The Recession-Fighting Power of Growing Dividends
One of the most common questions I hear from readers usually revolves around dividends. This makes sense. Reliable dividend payers are usually mature companies with steady revenue streams.
These companies tend to be recession resistant. Their stocks are less volatile and offer some protection in case of a downturn. Plus, dividends can meaningfully boost your income.
When picking an income stock, a high yield alone is not enough. You have to look over the company’s public filings to examine its financial trends. It can involve many hours of hard work. And with so many stocks out there, choosing the best from a large stock universe can be overwhelming.
Narrow Down the Field
The good news is that there are available resources that can help you narrow down the field.
One good starting point is the S&P Dividend Aristocrats index. This index holds a group of S&P 500 companies that meet a single, but not easy, requirement.
To be a Dividend Aristocrat, a company must have increased its dividend payouts for at least 25 years in a row. This means that every Dividend Aristocrat is an established company with a long history. There are no flashes in the pan here.
As of the end of October, there are 57 stocks in the index, so a little more than 10% of the S&P 500 made the cut.
The median market capitalization of these companies is about $47 billion. Even the smallest company has a market cap north of $6 billion.
Perseverance and Consistency
It’s no easy feat to increase dividend every year for 25 years. Consider that almost 20 companies dropped out of the index in 2009 and 2010 because they had to cut their dividends as a result of the Financial Crisis. To their credit, every company in the Dividend Aristocrats index today managed to keep their dividend growth streak alive even during the economy’s darkest days.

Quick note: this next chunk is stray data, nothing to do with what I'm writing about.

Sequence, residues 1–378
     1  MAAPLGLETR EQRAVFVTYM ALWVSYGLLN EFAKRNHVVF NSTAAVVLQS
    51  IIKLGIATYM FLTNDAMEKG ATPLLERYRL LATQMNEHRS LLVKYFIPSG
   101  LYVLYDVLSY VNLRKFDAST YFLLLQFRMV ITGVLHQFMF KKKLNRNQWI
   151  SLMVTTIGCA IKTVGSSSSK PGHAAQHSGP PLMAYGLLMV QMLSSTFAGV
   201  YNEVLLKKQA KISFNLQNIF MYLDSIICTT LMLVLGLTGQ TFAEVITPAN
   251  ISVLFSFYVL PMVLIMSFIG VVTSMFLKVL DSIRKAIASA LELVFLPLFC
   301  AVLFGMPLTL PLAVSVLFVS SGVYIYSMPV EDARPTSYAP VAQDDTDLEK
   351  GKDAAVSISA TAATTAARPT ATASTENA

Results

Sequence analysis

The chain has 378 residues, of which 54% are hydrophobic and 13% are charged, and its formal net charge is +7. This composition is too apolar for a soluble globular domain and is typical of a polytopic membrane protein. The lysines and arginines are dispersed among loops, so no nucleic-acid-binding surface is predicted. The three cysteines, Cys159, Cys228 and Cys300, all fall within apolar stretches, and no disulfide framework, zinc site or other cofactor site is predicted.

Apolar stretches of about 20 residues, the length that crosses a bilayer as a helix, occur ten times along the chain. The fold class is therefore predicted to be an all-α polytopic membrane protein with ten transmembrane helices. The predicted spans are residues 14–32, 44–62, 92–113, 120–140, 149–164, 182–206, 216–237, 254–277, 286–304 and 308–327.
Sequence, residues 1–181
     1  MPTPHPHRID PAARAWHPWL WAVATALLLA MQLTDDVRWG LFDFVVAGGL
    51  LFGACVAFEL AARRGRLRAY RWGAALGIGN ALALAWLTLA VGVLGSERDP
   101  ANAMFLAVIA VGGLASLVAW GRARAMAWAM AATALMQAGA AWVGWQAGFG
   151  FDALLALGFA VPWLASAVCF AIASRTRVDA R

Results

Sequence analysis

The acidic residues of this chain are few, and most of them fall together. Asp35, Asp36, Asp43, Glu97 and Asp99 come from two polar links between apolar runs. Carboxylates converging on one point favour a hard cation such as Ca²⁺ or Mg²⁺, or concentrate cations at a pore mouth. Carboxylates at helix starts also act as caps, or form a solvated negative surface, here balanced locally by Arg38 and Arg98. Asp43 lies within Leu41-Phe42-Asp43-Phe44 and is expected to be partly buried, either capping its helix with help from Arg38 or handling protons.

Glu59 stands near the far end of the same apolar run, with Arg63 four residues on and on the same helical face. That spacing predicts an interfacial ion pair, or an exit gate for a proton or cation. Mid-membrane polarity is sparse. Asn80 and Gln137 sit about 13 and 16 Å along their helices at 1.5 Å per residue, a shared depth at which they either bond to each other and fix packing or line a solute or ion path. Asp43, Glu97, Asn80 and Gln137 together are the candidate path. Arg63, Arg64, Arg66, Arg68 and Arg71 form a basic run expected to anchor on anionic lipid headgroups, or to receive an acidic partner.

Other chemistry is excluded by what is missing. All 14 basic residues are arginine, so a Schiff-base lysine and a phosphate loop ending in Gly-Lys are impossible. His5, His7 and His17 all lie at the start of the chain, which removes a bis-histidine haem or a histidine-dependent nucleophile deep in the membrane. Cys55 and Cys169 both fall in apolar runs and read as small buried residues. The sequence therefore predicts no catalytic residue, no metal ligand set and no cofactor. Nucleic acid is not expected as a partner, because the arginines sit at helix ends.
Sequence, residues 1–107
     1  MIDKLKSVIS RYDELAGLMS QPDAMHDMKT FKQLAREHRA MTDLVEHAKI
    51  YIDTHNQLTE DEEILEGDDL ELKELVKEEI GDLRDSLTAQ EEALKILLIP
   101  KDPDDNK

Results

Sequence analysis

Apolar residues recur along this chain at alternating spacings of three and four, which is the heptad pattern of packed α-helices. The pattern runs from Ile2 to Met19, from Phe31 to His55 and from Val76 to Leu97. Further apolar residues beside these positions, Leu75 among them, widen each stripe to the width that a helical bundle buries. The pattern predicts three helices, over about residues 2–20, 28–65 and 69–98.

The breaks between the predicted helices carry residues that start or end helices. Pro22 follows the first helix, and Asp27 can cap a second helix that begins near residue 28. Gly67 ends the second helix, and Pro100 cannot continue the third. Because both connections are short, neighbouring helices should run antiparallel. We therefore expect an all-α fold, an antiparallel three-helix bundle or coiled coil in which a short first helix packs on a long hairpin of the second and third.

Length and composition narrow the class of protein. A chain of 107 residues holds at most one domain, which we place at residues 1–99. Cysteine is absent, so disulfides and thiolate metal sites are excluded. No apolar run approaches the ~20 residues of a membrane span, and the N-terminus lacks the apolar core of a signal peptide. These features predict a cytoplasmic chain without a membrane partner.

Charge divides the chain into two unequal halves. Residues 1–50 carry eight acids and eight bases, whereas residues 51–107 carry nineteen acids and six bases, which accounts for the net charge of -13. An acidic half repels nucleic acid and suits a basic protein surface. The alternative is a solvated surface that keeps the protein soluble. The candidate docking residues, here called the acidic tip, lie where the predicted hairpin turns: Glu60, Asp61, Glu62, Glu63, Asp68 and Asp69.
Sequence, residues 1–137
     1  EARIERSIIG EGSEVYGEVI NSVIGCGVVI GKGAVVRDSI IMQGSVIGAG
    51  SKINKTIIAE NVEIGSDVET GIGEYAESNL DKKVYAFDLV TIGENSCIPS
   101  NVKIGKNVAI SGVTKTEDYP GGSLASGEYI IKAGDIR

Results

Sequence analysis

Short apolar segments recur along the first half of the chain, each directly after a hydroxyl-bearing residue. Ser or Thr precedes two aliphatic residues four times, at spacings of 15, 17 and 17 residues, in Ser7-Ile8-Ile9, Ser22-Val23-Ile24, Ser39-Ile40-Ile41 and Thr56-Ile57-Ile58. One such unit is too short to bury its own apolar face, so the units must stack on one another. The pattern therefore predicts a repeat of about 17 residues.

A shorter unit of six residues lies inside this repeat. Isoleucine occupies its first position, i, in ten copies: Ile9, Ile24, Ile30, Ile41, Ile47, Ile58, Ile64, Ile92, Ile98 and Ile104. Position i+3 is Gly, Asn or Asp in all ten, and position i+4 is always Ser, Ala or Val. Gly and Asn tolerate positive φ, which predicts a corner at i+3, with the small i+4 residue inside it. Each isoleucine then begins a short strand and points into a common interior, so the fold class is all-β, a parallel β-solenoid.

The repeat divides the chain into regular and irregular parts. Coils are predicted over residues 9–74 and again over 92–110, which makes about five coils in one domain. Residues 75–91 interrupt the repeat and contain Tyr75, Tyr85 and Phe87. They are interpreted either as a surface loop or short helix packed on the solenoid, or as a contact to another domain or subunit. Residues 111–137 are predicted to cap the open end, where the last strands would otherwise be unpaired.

The weighted-average yield of the Dividend Aristocrats index is about 2.7%, which compares favorably to the S&P 500’s 1.9%. The yields range from about 5.2% to as low as 0.5%. The dividend, when invested, over time can help boost returns.
The graph above compares the 10-year total returns (with dividend reinvested) of the Dividend Aristocrats index and the S&P 500. Due to scale, the difference in performance may not look that huge on the graph, but in fact, over the past 10 years the Dividend Aristocrats have outperformed the S&P 500 by more than 40 percentage points (302% vs. 261%)!
The table below compares the annualized returns for the two indexes over different periods.
With the exception of the three-year period, the Dividend Aristocrats were the winners. This is especially impressive considering the fact that Dividend Aristocrats index did not benefit from FAANG, the mega-cap tech stocks that have rallied strongly in recent years and helped drive the rise in the S&P 500. The strong one-year outperformance likely reflects the market’s recent preference for more safety given slower economic growth and trade worries.
The Virtuous Cycle of Growing Dividends
Our little exercise highlights the importance of sustainable and growing dividends. After all, on the surface a 2.7% yield won’t really wow anyone. But the consistent dividend growth leads to consistent income growth. And if you reinvested that growing income, the gains can really add up over time.
Those interested in investing in the S&P 500 Dividend Aristocrats can consider the ProShares S&P 500 Dividend Aristocrats (NOBL), an ETF that seeks to track the index.
Those more interested in individual stocks can browse through the index. After all, the 57 Dividend Aristocrats list is a good starting point.
For income investors, another source of robust and resilient dividends is the utilities sector, a classic safe haven during uncertain times. Utilities provide essential services and as such, they tend to weather recessions.
For our “dividend map” of safe, high-yielding utility stocks, click here.